By Marie Haaland // SWNS
Parents are faced with 1,750 difficult decisions in their baby’s first year, according to new research.
Between planning childcare, learning about formula ingredients and decorating the nursery, these decisions add up fast — a survey of 2,000 parents with an infant found respondents are faced with about 34 tough decisions per week.
Choosing a name for their baby was found to be the most difficult decision new parents face (37%), followed by deciding whether to breastfeed or to use formula (34%).
Commissioned by Enfamil and conducted by OnePoll, the survey found the decisions don’t end if parents decide to use formula — choosing which formula to give their little one (29%) was another of the hardest decisions parents face in the first year.
Over half (52%) of parents surveyed use formula — whether exclusively or as a supplement for breastmilk — and it turns out, three really is the magic number.
That’s because respondents report trying three different formulas for their baby before finding one that worked, and the average parent put in about four hours of research before choosing a formula.
It’s not surprising to see new parents dedicating so much time to their decision: Two-thirds (66%) admit to being overwhelmed by the number of options for baby formula and they were most likely to have felt overwhelmed because of the number of unknown ingredients (61%).
When choosing a formula for their infant, the ingredients were found to be the most important factor (53%) followed by the inclusion of DHA (47%) — which stands for docosahexaenoic acid.
“DHA is a type of Omega-3 fat found in breastmilk that is important for the growth and development of an infant’s brain,” said Dr. Christina Valentine, M.D., a neonatologist, pediatrician, physician-scientist and registered dietitian who specializes in maternal and infant nutrition to improve health outcomes.
Additionally, she co-leads The Global Human Milk Research Platform, is an active neonatologist and an Associate Visiting Professor at the University of Cincinnati (UC).
“After birth, a baby’s brain grows rapidly supporting healthy mental and visual growth through the early infant stages to later in life. Optimal nutrition including DHA in an amount global experts recommend† and found in breastmilk on an average worldwide¹, is important for every infant’s neurodevelopment,” added Dr. Valentine.
Considering the benefits of DHA, it’s therefore not surprising that many new parents do place an importance on it — 63% would choose one formula over other leading brands if they learned it had a global expert-recommended amount of DHA.
“More and more of the biggest global health and nutrition experts like The World Health Organization, The United Nations, The World Association of Perinatal Medicine and Early Nutrition Academy, Academy of Nutrition and Dietetics, and Dieticians of Canada recommend that DHA should be included in all infant formulas at a minimum amount of 0.20% of total fatty acids,” said Dr. Valentine. “The European Union has gone one step further and has mandated all infant formula sold in Europe should contain an even higher level (0.5%-1% of total fatty acids) of DHA.”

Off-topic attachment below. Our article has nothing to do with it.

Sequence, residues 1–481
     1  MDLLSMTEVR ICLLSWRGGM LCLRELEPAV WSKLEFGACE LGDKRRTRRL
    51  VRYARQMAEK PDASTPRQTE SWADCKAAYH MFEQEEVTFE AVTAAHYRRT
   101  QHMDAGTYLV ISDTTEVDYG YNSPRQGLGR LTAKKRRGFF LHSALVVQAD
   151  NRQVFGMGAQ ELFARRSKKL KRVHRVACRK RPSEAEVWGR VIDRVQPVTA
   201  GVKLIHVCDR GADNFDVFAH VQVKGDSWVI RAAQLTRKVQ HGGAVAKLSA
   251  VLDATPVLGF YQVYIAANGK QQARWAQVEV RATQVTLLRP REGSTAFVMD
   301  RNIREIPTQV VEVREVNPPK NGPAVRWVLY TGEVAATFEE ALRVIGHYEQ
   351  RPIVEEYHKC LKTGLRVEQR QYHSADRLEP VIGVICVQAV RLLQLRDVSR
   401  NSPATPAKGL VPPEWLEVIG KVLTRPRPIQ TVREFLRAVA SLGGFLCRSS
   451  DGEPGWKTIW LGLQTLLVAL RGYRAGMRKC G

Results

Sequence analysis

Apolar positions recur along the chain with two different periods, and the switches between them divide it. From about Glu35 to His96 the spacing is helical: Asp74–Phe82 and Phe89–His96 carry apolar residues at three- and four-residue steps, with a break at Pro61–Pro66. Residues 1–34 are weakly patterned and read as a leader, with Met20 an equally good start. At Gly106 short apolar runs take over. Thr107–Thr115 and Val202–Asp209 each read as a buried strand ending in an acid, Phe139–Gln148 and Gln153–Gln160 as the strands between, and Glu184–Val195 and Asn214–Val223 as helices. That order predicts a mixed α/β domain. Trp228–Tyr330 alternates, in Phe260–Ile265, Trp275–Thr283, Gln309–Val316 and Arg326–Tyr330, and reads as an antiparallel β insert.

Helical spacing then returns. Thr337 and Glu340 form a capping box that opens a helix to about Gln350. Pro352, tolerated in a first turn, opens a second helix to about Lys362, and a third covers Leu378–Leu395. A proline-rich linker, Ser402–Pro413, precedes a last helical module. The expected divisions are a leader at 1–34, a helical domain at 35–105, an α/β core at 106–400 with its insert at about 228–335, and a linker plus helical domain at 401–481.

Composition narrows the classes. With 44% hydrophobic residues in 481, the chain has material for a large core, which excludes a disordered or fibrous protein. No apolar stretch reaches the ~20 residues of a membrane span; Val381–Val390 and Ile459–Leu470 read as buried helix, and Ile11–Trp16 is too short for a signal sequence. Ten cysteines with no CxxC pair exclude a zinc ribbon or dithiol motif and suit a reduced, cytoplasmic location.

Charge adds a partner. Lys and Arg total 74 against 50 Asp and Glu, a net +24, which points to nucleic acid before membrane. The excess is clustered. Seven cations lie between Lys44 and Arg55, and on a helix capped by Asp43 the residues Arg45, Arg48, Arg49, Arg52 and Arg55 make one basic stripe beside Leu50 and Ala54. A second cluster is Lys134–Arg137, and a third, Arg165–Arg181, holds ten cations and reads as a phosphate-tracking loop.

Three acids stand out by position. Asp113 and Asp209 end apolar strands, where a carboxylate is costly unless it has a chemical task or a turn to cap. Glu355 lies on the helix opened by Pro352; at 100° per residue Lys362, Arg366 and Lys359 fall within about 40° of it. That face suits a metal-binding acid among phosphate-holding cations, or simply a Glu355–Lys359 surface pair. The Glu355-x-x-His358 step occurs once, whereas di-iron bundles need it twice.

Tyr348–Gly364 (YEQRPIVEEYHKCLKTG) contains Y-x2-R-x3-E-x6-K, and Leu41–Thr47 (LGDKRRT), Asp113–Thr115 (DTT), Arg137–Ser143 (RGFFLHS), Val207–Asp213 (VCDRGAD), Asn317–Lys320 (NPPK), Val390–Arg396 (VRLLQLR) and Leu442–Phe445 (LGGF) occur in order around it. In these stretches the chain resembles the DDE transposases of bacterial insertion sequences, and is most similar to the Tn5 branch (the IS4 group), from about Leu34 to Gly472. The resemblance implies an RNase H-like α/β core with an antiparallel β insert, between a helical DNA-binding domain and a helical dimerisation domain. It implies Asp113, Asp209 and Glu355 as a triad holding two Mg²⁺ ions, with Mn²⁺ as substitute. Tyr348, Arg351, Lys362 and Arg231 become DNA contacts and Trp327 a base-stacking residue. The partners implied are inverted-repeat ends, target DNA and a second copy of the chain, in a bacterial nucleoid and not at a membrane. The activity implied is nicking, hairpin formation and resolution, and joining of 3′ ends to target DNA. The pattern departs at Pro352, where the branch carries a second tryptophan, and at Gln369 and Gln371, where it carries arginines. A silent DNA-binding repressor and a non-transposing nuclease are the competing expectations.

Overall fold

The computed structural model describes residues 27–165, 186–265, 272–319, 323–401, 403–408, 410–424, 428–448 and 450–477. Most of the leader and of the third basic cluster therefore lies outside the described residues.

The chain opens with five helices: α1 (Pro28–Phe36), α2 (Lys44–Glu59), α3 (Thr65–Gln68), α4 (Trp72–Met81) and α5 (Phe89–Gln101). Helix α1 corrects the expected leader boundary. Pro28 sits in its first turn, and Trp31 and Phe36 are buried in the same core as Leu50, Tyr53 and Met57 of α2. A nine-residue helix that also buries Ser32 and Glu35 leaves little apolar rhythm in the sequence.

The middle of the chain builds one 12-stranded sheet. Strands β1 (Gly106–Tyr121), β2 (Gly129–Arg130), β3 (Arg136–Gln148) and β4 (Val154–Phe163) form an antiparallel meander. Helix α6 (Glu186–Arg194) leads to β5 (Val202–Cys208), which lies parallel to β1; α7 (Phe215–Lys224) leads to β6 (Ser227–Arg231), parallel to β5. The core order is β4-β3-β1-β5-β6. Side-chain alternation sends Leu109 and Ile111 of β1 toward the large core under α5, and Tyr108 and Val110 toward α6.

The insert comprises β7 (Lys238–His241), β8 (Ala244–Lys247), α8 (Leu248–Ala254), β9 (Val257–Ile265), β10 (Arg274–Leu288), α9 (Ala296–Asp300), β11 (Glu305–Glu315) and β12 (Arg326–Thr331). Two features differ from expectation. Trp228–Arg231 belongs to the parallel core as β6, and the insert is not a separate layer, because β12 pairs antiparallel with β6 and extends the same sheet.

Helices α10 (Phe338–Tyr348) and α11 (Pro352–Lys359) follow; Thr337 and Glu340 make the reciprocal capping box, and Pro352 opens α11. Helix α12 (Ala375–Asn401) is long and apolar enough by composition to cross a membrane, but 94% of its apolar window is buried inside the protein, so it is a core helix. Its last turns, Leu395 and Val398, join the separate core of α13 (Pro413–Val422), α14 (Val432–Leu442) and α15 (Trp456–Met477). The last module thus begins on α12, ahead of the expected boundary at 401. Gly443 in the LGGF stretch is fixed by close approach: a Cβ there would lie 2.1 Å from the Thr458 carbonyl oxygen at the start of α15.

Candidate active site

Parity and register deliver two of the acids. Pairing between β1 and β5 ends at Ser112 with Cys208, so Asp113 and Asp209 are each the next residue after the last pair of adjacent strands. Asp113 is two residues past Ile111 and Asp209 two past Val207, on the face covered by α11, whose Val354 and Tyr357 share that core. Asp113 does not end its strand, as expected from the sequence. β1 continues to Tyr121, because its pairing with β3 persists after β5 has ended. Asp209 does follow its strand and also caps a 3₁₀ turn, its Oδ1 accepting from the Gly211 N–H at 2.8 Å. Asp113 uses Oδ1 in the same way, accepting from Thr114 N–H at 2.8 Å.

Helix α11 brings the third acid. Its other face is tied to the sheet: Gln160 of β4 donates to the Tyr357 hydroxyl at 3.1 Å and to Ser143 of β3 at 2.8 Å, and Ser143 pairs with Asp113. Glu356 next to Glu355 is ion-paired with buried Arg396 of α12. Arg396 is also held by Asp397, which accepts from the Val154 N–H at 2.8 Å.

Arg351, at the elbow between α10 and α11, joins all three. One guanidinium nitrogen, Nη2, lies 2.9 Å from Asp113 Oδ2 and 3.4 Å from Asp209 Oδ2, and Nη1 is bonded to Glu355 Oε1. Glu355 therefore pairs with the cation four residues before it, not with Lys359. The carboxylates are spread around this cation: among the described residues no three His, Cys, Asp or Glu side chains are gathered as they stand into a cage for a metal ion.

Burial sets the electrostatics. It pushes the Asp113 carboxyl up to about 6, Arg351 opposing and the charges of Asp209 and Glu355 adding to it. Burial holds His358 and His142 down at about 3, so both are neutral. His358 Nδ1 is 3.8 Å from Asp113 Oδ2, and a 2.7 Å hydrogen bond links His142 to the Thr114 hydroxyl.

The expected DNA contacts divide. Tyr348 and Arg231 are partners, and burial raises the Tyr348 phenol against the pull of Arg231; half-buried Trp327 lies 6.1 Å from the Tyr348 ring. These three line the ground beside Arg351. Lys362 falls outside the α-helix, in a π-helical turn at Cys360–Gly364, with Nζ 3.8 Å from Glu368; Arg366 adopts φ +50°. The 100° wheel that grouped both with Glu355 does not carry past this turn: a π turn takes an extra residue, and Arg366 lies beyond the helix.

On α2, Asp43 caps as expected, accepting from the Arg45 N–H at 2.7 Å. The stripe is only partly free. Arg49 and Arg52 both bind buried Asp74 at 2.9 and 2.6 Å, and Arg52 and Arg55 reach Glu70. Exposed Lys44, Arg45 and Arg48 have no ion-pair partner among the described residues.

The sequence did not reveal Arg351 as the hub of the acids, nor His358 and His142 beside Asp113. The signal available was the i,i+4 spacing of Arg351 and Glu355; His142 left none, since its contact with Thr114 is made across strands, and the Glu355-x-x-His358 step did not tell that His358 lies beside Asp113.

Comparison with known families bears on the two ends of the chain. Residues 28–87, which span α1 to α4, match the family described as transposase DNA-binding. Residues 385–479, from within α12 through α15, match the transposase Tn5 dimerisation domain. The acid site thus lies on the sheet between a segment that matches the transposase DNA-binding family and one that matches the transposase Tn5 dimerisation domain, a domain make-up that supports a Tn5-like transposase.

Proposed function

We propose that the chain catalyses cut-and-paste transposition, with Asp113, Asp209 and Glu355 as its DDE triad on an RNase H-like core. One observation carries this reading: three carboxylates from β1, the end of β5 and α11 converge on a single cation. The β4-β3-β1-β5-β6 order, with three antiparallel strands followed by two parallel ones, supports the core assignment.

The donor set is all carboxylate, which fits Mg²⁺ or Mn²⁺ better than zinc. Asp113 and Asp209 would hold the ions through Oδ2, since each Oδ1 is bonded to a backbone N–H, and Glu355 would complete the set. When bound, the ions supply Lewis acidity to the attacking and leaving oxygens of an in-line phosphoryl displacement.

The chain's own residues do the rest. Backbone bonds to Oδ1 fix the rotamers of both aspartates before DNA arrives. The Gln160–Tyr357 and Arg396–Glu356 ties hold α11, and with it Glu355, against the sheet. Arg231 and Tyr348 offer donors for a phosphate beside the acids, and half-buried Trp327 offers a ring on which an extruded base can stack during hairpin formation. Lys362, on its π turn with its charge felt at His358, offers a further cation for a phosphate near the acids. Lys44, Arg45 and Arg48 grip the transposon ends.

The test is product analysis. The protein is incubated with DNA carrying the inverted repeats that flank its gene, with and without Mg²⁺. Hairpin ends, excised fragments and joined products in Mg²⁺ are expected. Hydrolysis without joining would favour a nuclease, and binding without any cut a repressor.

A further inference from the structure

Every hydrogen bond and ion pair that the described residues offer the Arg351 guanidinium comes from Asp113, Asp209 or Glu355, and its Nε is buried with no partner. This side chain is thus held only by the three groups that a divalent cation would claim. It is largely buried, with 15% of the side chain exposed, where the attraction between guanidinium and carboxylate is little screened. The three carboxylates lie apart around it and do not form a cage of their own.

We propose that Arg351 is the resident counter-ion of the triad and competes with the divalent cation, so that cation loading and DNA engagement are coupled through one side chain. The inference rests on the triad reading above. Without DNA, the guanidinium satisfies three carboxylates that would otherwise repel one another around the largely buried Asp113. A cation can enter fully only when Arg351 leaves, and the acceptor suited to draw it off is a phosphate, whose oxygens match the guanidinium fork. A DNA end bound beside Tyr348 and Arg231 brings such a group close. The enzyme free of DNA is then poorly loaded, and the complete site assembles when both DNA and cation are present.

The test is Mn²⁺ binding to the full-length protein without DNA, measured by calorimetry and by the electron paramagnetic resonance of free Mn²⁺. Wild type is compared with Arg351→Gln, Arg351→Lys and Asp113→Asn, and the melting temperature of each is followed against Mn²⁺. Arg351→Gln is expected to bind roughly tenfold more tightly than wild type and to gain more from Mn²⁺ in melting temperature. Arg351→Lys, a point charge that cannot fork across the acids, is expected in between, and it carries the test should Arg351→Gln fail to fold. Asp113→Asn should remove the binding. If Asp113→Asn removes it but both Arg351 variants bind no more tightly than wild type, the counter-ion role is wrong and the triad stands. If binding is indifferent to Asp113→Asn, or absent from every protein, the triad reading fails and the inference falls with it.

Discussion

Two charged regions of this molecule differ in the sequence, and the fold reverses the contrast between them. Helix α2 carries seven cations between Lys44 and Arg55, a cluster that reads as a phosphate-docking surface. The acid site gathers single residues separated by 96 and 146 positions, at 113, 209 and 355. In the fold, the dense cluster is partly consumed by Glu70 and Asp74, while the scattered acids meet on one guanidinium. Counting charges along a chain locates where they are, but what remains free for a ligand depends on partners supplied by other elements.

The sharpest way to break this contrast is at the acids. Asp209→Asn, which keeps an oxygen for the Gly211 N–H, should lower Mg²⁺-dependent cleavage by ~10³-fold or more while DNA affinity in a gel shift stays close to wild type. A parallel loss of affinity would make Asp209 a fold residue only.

Interestingly, 43% of parents surveyed were under the impression that all formula brands have a globally-recommended amount of DHA — but that’s not true.
“DHA is found in most U.S. baby formulas, but what parents don’t realize is that the amount of DHA differs by brand,” continued Dr. Valentine. “Enfamil is the only leading formula brand to provide DHA at a global expert-recommended amount*† and as naturally present in breast milk on average worldwide (0.32% of total fatty acids¹).”
When choosing a formula, parents are most concerned about finding one to support their infant’s immune system (41%). That’s followed by brain-building (40%), easy-to-digest nutrition (34%) and eye development (25%).
“There is no right or wrong answer when it comes to feeding your baby, and I encourage parents to do what works best for them, among the many decisions they have to make,” said Dr. Valentine.
*Enfamil has not been shown superior to the other leading brand in supporting infant development.
†World Health Organization recommended amount of DHA is 0.2% - 0.36% of total fatty acids. Similac = 0.15% Vs Enfamil = 0.32% of total fatty acids.
WHAT NEW PARENTS LOOK FOR IN THEIR FORMULA
Inclusion of DHA as an ingredient 47%
Brand name 37%
My baby's diet preferences/allergies 37%
Easing specific feeding issues 34%
MOST DIFFICULT DECISIONS IN THE FIRST YEAR OF PARENTING
Choosing a name 37%
Breastfeeding versus using formula 34%
Figuring out childcare 30%
Which formula to use 29%
Where the baby sleeps 27%
Decorating the nursery 21%
How to sleep train 20%
Whether to post pictures on social media 19%
Finding the right pediatrician 19%
Whether to parent as their parents did 19%
Reference1) Brenna JT, Varamini B, Jensen RG, Diersen‐Schade DA, Boettcher JA, Arterburn LM. Docosahexaenoic and arachidonic acid concentrations in human breast milk worldwide. Am J Clin Nutr. 2007;85(6):1457‐1464.